I was reading that the Supreme Court of the United States is going to hear a case about whether social media companies are allowed to censor users’ posts.

Some claim that due to the First Amendment, social media platforms have no right to censor speech, even if others may find it hurtful, disturbing, or worse. Others claim that it’s their duty to protect their users.

Before answering, I want to point out that there’s an underlying philosophical difference between the Constitution and the Torah.

The Constitution is based on the notion that man was created with natural rights, and it’s the government’s job to protect those rights.

According to the Torah, however, G‑d did not just create us and leave us up to our own devices. Rather, He is actively involved in the world and cares about what we do. So He didn’t give us passive rights, but active responsibilities and duties.

Healthy Debate Vs. Free-For-All

Now let’s turn to the idea of free speech within Judaism.

A quick visit to any Talmudic study hall is enough to make it abundantly clear that Judaism is very much in favor of boisterous, spirited (to put it mildly) debate to help cut through the fog and reach a correct conclusion. The Talmud itself is essentially arranged as a series of arguments between the rabbis, debating a host of Judaic subjects.

So healthy debate is baked into the Jewish approach to life.

But does Judaism believe that there is an inherent notion of freedom of speech? Are there times when speech should be curtailed? And if yes, can one person be responsible for another person’s speech? What about platforms, which may or may not even be aware of how they’re being used?

You Are Responsible for What You Say

The Torah is clear: Watch your words. There are things you just shouldn’t say.

This includes lashon hara, literally “evil speech,” speaking negatively about others, even if it's true. As the Torah tells us, “You shall not go around as a gossipmonger amidst your people.”1

Lashon hara includes onaat devarim, or “hurtful speech”—saying things that will hurt, frighten or embarrass someone. This is reflected in the verse, And you shall not aggrieve, one man his fellow, and you shall fear your G‑d, for I am the L‑rd your G‑d.”2

Depending on the situation, harmful speech can actually violate up to 31 Torah commandments.3

Of course, there are exceptions, such as if your speech can save someone from being harmed.4 But, all things being equal, hurtful speech is generally prohibited.

(For more on this, see our articles Whistle-Blowing in Jewish Law and What Is the Torah Perspective on Safe Spaces, Trigger Words and Political Correctness? )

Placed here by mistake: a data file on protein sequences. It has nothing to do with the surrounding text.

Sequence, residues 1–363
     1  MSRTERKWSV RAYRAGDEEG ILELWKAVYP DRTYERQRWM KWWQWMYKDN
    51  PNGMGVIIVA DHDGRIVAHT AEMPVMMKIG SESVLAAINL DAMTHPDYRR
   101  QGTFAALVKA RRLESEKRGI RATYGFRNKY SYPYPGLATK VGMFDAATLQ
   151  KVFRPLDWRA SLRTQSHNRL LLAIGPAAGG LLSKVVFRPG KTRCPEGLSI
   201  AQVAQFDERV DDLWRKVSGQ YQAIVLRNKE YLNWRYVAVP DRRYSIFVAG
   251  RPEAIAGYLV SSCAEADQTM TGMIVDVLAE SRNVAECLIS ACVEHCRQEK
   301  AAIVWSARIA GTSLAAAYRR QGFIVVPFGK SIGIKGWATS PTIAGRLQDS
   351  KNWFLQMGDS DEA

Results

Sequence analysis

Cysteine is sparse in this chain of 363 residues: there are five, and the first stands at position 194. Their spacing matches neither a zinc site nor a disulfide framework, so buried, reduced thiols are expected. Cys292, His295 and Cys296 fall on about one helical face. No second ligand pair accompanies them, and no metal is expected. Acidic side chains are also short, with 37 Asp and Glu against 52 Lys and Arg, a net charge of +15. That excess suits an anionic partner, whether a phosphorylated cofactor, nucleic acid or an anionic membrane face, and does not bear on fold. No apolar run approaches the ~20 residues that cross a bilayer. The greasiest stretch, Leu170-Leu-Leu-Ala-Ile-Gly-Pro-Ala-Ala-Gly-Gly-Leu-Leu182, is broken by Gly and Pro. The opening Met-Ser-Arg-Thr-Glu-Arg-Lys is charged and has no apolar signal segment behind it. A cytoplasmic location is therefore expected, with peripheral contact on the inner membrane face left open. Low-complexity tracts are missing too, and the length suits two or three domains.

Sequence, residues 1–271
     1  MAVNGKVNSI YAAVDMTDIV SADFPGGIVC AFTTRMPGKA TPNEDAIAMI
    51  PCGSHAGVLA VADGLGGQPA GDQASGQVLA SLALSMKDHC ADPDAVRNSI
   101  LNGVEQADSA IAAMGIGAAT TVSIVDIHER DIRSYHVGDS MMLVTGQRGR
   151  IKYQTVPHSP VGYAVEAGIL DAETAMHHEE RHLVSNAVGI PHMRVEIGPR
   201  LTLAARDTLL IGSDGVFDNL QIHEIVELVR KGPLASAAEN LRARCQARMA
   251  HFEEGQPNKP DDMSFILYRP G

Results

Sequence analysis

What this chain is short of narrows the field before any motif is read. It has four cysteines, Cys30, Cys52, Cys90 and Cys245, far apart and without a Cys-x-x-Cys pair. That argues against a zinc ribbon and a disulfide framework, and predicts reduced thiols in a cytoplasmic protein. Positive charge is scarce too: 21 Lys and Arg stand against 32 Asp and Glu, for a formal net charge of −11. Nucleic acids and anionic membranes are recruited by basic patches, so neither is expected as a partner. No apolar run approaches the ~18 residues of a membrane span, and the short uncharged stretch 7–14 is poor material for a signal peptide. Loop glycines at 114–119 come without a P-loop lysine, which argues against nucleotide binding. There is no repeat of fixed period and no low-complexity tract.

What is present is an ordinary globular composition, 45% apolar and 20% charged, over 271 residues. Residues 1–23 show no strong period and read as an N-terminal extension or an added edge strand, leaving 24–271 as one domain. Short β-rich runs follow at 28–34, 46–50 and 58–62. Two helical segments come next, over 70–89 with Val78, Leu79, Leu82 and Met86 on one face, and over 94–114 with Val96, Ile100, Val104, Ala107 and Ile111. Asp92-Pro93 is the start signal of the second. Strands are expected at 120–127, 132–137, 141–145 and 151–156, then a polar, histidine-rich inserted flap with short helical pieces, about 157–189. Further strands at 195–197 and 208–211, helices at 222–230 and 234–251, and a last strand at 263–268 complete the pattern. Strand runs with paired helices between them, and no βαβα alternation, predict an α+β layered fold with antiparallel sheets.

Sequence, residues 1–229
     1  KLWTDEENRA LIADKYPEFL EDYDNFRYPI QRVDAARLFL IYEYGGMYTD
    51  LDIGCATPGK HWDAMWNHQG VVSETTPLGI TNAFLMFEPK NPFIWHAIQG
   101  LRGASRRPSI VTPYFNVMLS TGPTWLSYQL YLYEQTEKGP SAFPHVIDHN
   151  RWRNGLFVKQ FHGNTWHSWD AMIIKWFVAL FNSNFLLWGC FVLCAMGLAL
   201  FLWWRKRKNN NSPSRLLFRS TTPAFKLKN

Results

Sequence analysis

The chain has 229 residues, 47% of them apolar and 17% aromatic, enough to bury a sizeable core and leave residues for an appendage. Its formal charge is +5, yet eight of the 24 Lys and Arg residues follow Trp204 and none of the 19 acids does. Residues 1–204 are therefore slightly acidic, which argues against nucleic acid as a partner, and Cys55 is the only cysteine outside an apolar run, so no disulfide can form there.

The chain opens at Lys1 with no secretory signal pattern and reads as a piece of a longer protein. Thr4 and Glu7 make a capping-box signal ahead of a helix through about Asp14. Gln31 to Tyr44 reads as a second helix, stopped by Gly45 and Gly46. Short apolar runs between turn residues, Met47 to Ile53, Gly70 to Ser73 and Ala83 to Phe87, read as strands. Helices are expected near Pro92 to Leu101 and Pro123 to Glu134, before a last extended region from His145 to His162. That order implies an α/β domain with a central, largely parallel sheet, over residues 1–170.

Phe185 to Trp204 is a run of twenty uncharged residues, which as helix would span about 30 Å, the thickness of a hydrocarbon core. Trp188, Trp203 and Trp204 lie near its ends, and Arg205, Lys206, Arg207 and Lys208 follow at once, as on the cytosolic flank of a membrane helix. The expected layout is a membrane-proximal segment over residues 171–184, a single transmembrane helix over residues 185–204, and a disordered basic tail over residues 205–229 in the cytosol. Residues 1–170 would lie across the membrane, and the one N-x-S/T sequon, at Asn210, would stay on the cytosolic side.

So we individuals need to watch what we say. But do the platforms have a responsibility to monitor what people say?

Enablers and Bystanders

Let's look at three Jewish concepts that can shed some light on this:

  • The Torah prohibition of “placing a stumbling block before a blind person,”5 which is broadly understood to mean doing something that will cause or enable a person to misstep.
  • The notion of aiding and abetting wrongdoing, even if you are not the cause.6
  • The imperative not to “stand upon the blood of your fellow,”7 which compels you to act when you see a person being harmed.

Placing a Stumbling Block Before the Blind

This refers to providing an opportunity for sin that would otherwise not exist.

The classic example is of a Nazirite (who is forbidden to drink wine and other grape products) standing on the riverbank. If you reach across the river and hand him a cup of wine he couldn’t otherwise reach, you transgress this sin. If, however, he had access to the wine without you, you would not be liable.8

This prohibition doesn’t apply to social media platforms, since slanderers and haters have many ways of getting their message out, even if they were blocked from a single platform.

Aiding and Abetting

Even if someone could’ve sinned without your help, there’s still the potential of transgressing the rabbinic prohibition of mesaye’a lidvar aveira, “being a helper for a prohibited action.”9

Nevertheless, the rabbis point out that this only applies if you provide the actual forbidden substance or tool, such as handing the Nazirite the cup of wine. However, handing them something neutral, such as an empty glass, is permitted.10

Based on this, you might think as long as these social media platforms are completely neutral and it’s the user who’s choosing to misuse them, the platforms wouldn’t be “helpers for a prohibited action.”

This may have been true in the early days of social media. But today, some platforms use algorithms that push certain content. If a social media platform chooses to favor specific hateful or harmful content, it may very well fall into the category of aiding the wrongdoers.

Not Standing By

What does it mean to “not stand by the blood of your neighbor”?11

Maimonides defines this prohibition as follows:12

This commandment applies when a person sees his fellow drowning at sea or being attacked by robbers or a wild animal, and he can save him himself or can hire others to save him. Similarly, it applies when he hears informers conspiring to harm a colleague or planning a snare for him, and he does not inform him and notify him of the danger.

And it applies when a person knows of a heathen or a strongman who has a grudge against a fellow, and he can appease the aggressor, but he fails to do so. And similarly, in all analogous instances, a person who fails to act transgresses.

So while the platforms may not be compelled to curtail victimless sinful speech under the first two prohibitions, they should prevent harm by censoring harmful content as best they can.

And even when there are no victims, the sages encourage us to prevent all possible sins as an “act of piety.”13